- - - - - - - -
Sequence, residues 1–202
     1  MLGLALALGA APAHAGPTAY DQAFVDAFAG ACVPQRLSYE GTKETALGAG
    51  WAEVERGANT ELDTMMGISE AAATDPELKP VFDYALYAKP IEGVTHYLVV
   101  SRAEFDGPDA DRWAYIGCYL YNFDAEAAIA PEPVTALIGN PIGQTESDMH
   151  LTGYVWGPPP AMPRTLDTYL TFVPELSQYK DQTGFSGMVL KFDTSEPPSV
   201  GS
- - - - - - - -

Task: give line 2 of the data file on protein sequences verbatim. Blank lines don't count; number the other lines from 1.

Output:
     1  MLGLALALGA APAHAGPTAY DQAFVDAFAG ACVPQRLSYE GTKETALGAG